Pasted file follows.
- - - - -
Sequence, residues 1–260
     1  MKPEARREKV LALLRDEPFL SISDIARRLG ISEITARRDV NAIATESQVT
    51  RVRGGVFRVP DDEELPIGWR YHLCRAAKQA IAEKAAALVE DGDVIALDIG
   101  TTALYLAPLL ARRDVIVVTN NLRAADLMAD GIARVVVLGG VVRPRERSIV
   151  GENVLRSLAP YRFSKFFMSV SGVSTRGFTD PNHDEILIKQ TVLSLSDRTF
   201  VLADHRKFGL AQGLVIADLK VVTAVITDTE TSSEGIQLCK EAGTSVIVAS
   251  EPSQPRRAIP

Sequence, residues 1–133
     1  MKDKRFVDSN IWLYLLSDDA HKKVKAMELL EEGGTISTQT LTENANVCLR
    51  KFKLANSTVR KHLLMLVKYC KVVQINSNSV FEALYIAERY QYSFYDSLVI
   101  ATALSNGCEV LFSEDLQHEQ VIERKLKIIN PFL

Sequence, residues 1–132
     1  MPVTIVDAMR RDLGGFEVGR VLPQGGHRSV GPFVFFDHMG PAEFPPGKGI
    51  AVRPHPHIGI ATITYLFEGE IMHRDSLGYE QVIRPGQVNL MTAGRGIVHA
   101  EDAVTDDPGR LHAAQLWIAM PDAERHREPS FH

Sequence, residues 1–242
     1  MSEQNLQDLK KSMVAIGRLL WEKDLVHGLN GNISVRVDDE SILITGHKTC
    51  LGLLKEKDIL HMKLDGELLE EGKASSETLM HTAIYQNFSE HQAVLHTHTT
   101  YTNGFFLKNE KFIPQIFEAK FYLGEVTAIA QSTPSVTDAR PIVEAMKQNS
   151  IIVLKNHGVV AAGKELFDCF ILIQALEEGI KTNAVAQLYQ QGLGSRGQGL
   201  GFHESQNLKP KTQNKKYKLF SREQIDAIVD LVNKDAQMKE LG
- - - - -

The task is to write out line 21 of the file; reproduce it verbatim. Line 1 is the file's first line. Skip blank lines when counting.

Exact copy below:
   201  GFHESQNLKP KTQNKKYKLF SREQIDAIVD LVNKDAQMKE LG